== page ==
Manitoba judge sex inquiry begins hearing testimony

A man who says he was sexually harassed by a Manitoba judge took the stand Monday as a Canadian Judicial Council inquiry into the actions of Justice Lori Douglas began in Winnipeg.

A man who says he was sexually harassed by a Manitoba judge took the stand Monday as a Canadian Judicial Council inquiry into the actions of Justice Lori Douglas began in Winnipeg.

Alex Chapman told the inquiry that Douglas' husband, lawyer Jack King, pointed him to Dark Cavern — a website where white women look for black men as sex partners — and mentioned a user name that was connected to nude photos.

Chapman is black, Douglas white.

King, who was hired as Chapman's divorce lawyer, has admitted to giving nude photographs of Douglas to Chapman in an attempt to persuade him to have sex with her in 2003.

The Canadian Judicial Council is holding an inquiry into the conduct of Lori Douglas, an associate chief justice with the Manitoba Court of Queen's Bench, based on a complaint filed in 2010 by Alex Chapman. (CBC)

The pictures showed Douglas nude in various forms of bondage, with sex toys and performing oral sex.

Whether Douglas knew what her husband was up to and should she have disclosed the story when she was applying to be a judge are the central issues in the CJC inquiry.

During the application process to become a judge, one of the screening questions asks applicants if there is anything in their background that would negatively impact the judiciary.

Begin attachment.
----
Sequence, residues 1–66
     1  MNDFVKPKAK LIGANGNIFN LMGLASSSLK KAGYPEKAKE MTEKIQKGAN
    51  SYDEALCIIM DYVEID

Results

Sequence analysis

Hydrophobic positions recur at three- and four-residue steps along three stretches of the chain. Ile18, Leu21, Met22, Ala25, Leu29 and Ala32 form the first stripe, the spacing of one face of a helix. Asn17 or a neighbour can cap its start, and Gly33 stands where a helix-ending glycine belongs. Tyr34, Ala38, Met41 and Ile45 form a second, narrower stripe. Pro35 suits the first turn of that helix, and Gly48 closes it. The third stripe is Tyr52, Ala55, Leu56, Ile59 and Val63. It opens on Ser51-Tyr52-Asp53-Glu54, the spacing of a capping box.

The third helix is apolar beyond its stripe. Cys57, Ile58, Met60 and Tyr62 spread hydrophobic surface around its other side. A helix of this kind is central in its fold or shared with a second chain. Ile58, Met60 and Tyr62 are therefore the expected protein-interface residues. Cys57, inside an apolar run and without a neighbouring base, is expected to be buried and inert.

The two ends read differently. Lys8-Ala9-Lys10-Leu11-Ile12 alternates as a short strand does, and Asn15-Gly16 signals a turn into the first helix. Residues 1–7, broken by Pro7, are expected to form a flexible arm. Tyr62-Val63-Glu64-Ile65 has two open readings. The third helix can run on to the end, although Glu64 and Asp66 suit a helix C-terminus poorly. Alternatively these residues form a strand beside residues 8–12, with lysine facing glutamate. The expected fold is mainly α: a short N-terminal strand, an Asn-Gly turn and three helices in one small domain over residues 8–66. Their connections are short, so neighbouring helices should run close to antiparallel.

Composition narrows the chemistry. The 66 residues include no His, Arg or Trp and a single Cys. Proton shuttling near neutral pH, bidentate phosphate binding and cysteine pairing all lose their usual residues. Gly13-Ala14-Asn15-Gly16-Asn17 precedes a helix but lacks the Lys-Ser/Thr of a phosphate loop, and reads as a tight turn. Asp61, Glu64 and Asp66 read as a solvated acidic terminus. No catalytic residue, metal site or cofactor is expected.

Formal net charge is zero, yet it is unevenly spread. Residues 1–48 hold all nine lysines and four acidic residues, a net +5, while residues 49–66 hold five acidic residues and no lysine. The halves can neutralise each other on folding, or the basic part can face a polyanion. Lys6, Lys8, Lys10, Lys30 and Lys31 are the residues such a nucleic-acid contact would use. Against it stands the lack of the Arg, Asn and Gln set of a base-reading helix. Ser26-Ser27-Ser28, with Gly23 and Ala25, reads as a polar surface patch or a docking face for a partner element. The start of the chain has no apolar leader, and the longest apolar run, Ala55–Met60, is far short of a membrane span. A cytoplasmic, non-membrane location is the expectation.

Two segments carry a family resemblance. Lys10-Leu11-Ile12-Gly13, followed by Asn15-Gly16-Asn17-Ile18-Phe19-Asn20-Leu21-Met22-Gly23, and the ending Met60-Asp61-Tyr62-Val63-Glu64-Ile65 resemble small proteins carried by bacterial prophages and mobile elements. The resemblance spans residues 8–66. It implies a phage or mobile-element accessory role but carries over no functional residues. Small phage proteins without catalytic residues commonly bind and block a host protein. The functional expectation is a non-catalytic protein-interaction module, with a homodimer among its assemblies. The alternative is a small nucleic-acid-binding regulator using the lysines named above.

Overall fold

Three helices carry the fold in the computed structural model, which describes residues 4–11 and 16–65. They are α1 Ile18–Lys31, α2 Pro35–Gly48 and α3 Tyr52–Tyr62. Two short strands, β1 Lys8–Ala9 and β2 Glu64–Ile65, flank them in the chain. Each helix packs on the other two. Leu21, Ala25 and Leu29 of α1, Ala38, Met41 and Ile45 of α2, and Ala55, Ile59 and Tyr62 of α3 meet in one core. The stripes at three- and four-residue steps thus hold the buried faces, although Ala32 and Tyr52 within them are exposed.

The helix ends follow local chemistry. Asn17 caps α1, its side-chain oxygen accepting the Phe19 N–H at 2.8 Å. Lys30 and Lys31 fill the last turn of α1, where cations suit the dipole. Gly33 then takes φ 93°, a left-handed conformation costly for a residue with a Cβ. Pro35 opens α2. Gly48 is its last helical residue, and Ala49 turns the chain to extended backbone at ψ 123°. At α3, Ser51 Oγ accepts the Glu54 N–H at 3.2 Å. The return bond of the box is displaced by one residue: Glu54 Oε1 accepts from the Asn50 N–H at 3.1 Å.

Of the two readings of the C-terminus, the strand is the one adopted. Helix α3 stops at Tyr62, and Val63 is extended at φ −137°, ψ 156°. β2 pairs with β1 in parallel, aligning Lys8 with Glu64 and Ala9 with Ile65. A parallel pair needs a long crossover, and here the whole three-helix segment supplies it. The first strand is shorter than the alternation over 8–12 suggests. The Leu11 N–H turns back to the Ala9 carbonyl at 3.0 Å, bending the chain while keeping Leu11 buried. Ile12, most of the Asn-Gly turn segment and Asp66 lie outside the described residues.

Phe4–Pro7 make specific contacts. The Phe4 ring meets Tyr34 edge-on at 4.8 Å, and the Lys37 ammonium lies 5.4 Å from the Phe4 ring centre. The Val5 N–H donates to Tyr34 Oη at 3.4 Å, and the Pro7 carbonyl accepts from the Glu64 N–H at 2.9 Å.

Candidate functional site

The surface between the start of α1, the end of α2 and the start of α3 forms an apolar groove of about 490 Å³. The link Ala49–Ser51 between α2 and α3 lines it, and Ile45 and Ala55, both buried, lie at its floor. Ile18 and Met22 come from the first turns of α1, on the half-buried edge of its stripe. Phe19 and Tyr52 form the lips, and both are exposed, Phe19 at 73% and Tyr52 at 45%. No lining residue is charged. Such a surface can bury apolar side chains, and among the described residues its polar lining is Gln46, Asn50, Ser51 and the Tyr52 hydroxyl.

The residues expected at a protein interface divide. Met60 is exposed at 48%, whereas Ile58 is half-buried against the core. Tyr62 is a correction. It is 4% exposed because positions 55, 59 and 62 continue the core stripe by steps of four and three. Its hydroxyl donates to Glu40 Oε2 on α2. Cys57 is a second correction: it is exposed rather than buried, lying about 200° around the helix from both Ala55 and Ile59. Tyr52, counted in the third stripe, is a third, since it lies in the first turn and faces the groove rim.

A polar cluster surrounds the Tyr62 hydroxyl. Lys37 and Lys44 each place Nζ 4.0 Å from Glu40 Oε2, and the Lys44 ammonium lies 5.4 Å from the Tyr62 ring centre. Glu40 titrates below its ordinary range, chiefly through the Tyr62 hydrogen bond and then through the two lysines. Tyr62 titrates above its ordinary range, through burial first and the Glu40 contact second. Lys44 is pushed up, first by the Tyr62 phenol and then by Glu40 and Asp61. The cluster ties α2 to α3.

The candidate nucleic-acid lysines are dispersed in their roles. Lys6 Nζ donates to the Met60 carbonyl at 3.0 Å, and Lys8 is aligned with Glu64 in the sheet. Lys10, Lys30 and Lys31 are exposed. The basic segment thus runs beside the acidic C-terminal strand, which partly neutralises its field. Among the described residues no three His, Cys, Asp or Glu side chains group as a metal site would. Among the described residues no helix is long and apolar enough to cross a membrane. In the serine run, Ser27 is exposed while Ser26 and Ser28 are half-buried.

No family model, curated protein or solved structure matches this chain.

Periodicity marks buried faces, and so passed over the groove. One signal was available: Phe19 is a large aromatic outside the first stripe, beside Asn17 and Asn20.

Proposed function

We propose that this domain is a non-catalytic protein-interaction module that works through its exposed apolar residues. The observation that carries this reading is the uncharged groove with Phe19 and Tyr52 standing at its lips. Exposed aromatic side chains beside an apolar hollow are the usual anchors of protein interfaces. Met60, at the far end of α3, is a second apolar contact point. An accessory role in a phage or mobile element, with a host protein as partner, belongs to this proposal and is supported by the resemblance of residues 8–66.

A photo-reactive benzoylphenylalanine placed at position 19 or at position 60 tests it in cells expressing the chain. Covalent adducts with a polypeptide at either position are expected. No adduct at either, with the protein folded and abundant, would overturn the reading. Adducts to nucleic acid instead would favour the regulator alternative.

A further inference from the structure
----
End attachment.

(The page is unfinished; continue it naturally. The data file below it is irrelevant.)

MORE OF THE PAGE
Douglas answered "no" on her application.

The council will determine whether she should be removed from the bench — a rare move in Canada.

Douglas has filed documents with the inquiry in which she says her husband posted the sexually explicit photos online and shared them with Chapman without her knowledge.

She has denied all charges against her and says she never harassed or touched Chapman in any way.

Douglas and King were both lawyers and partners at a Winnipeg firm at the time.

Douglas was appointed a judge of the Court of Queen's Bench (family division) in 2005. She became as an associate chief justice of the Court of Queen's Bench (family division) in 2009.

The CJC alleges she did not disclose that information on her judicial application.

'It was making me sick'

Chapman filed a complaint about King to his law firm in 2003. King and Chapman's lawyer, Ian Histed, negotiated a confidentiality agreement in which Chapman received $25,000 in exchange for agreeing to delete all emails and photographs sent by King, as well as agreeing not to seek legal action or speak publicly about the case.